A hernia in the upper stomach, or hiatal hernia, is caused when weakened muscles allow part of the stomach to push up through the diaphragm, according to Mayo Clinic. Doctors are not sure why this happens.
A hiatal hernia is caused by injury or heavy and persistent pressure on the muscles around the hiatus, which is the opening in the diaphragm that allows the esophagus to pass into the stomach, says Mayo Clinic. This pressure is caused by the frequent lifting of heavy objects, strenuous vomiting, coughing or straining at stool. Pregnancy and childbirth is also a cause of hiatal hernia, according to Cleveland Clinic. Some people are born with an uncommonly large opening in the diaphragm that allows the stomach to bulge through. Other things that put people at risk for a hiatal hernia are obesity and being 50 years old or older.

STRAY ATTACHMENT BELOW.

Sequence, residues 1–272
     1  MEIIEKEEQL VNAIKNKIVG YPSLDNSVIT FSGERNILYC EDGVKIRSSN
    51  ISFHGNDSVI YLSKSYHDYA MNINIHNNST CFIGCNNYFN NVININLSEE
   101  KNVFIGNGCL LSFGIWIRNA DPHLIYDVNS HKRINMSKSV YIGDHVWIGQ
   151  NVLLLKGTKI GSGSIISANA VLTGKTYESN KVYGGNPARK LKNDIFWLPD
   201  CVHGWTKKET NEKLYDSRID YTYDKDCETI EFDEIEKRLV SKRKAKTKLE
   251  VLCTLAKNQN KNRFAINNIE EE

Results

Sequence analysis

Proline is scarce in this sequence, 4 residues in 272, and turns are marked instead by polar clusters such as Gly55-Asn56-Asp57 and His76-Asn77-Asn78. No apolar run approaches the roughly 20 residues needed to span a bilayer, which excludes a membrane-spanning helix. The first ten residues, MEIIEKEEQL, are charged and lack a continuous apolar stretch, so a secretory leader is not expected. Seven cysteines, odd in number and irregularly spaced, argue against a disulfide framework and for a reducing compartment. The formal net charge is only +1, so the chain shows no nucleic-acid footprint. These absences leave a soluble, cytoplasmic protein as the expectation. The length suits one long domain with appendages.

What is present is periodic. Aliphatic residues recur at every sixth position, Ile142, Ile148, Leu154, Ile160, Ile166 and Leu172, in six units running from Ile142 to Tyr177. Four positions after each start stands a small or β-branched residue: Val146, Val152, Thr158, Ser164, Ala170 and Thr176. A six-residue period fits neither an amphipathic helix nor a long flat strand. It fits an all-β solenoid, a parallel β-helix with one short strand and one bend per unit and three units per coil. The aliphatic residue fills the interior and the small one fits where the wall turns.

There are two types of hiatal hernia, says Cleveland Clinic. In a sliding hiatal hernia, the area where the esophagus and the stomach join both slide up into the patient's chest cavity. In a paraesophageal hernia, part of the actual stomach pushes up through the hiatus and is squeezed in next to the esophagus. This puts the stomach at risk for having its blood flow cut off.